While movies, video games, and TV shows portray joyriding as comedy, it’s anything but funny. As the less-severe sibling of grand theft auto, it carries serious charges.
It’s often seen as a misdemeanor and you may qualify for being bailed out. Contact Gibson Bail Bonds for 24-hour service agents throughout Pennsylvania correctional facilities.
What are the Charges for Joyriding?
Let’s say you borrowed your friend’s car without asking to run your errands, thinking that they would understand. When they finally notice their car is missing, they believe someone has stolen their vehicle since you never asked. Then, they call the police. When you’re finally caught driving their car, you can be charged. Joyriding applies to any unauthorized use of a vehicle that doesn’t belong to you.
Most often, this happens with unruly teenagers taking off in the family car. Depending on the situation, it will likely be charged as misdemeanors, although felonies can sometimes apply. Even if you know the person well, it isn’t recommended to borrow their car without asking. Make sure you always have at least their verbal consent before taking their vehicle.
What Were the Intentions of the Joyrider?
Another primary argument for joyriding charges is the driver’s intent for their actions. In general, when a joyrider returns a car, it becomes challenging to bring in grand theft auto charges. Joyriding, on the other hand, is usually charged as a misdemeanor offense. When the joyrider believes they had the owner’s consent, they likely will face lesser charges.
The last question is, did the joyrider intend on committing other crimes? It’s common for individuals to use a vehicle that isn’t theirs to break other laws. Carjacking, which is another type of auto theft, is a first-degree felony crime. If the criminal used a weapon or firearm, they could face additional charges and punishments.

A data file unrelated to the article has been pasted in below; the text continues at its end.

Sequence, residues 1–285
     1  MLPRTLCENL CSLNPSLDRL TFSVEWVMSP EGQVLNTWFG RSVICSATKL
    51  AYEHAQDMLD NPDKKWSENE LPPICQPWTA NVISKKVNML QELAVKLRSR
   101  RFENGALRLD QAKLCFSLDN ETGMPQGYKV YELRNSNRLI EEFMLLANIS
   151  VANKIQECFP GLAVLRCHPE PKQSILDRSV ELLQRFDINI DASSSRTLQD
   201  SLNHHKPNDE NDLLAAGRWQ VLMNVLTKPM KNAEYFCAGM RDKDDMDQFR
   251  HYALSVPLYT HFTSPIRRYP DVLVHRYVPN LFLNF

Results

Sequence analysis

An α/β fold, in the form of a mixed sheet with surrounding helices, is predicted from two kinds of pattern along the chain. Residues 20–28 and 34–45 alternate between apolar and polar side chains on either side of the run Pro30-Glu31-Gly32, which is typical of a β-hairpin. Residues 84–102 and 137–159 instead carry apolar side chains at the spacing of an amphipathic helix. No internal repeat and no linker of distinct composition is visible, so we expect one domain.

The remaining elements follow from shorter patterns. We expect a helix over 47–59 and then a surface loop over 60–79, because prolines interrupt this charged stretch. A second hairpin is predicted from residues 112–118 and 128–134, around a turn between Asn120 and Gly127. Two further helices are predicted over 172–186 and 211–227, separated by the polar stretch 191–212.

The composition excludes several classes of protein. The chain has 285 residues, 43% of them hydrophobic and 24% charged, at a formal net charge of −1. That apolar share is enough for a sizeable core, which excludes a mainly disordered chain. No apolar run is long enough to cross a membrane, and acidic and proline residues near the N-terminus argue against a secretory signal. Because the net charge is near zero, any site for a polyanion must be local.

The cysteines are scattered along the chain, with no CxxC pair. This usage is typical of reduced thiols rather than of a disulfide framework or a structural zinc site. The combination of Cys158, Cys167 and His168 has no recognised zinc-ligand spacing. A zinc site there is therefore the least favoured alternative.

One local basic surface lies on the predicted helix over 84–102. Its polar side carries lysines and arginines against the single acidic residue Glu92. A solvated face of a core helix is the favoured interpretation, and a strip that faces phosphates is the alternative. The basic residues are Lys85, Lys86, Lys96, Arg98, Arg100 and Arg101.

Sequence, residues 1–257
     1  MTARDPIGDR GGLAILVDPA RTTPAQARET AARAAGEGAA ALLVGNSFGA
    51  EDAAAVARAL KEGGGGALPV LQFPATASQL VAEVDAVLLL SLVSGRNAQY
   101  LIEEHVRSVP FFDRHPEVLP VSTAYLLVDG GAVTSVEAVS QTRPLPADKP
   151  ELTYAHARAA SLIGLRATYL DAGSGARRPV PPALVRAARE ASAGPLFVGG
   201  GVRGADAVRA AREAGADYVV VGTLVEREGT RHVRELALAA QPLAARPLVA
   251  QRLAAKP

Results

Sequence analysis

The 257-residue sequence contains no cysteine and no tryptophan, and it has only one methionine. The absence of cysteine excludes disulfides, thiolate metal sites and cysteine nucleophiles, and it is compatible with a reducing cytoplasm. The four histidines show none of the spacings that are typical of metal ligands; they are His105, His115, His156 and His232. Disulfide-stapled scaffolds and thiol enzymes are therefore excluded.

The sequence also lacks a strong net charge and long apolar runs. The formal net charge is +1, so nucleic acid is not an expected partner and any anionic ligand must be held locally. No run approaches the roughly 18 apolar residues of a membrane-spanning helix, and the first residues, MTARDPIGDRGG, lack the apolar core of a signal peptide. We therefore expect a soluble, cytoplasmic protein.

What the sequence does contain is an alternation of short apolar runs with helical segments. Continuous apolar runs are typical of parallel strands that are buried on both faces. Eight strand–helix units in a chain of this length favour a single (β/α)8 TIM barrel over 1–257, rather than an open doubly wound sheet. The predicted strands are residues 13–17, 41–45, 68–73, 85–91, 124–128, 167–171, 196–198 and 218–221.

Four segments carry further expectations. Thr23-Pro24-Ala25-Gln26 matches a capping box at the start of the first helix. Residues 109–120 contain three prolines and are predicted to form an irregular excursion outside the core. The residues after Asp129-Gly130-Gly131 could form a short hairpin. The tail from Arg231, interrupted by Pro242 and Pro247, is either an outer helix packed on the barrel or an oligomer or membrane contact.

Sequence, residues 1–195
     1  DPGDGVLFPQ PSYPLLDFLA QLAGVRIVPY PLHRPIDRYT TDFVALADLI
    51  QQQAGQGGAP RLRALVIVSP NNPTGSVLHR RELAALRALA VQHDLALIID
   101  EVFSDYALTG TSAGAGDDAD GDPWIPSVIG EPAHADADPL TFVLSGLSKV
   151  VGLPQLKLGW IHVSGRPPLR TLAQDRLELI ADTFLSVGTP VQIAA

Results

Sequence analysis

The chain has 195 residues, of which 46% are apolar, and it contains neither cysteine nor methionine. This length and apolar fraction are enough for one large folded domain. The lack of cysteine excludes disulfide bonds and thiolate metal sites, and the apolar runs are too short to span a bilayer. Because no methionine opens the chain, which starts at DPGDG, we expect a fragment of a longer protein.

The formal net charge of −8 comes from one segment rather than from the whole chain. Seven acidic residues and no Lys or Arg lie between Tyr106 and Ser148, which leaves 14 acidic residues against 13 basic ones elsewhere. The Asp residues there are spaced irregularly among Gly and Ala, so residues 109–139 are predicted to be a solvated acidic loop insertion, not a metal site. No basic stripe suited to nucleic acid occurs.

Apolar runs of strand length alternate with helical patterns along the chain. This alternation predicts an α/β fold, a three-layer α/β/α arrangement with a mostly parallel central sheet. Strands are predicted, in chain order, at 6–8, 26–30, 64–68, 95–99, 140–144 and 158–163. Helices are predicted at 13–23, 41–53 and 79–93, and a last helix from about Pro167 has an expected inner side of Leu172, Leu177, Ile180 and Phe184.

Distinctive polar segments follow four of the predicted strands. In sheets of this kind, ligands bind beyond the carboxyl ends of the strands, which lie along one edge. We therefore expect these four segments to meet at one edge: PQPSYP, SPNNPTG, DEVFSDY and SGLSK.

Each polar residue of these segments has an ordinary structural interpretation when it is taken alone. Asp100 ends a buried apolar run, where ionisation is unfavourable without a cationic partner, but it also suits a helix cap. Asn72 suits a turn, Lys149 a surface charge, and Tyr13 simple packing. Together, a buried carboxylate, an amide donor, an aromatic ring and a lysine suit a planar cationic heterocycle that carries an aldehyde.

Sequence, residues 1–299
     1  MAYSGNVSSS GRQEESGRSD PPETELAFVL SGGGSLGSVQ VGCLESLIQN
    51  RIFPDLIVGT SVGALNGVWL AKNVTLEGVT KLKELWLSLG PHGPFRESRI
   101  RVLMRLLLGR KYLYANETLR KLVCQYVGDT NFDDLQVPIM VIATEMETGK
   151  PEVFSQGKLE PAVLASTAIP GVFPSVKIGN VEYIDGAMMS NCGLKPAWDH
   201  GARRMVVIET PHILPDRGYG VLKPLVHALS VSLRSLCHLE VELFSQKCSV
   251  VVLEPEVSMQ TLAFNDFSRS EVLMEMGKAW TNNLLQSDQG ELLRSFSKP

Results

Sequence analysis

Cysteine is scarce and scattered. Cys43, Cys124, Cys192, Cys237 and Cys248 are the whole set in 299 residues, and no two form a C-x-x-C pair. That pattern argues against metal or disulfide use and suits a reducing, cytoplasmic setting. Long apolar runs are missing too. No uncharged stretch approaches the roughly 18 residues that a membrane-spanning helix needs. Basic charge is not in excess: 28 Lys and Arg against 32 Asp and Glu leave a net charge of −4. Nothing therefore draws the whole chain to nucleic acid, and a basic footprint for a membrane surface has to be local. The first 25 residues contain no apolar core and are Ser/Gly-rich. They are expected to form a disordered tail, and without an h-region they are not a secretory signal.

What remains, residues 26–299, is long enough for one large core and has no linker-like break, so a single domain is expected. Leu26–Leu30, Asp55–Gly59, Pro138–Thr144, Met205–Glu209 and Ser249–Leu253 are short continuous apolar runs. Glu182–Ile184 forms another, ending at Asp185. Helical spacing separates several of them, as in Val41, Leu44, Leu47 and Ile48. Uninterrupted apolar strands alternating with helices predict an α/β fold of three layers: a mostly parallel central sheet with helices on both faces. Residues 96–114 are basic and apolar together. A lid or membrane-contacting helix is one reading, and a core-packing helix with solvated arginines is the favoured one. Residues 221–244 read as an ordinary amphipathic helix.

What is the Punishment for Joyriding in Pennsylvania?
Misdemeanors are lesser charges than felonies, so the crime could carry prison time. While not a guaranteed sentence, you could face at least two years behind bars. As far as monetary fines go, you may have to pay $5,000. Although that isn’t a ton, it’s still a hefty price for borrowing a car.
Should the owner push for grand theft auto charges, you may face worse punishments. Your fines could triple, and you might spend seven years in prison. When in doubt, simply double-check that you do have permission to take a vehicle. Otherwise, even the best friendship can dissolve into a bitter legal battle quickly.
Does the Value of the Vehicle Matter in Joyriding?
Some communities do base vehicle theft charges on the value of the car. They argue a classic or collector’s vehicle is worth more, increasing the theft charges. In Pennsylvania, the crime is what is charged, not the value of the item stolen. Whether it’s a Stingray Corvette or a Honda Accord, joyriding is the same charge.
Taking a car without permission is a fast way to get arrested. Call Gibson Bail Bonds for 24-hour bail bond agents to any Pennsylvania holding facilities.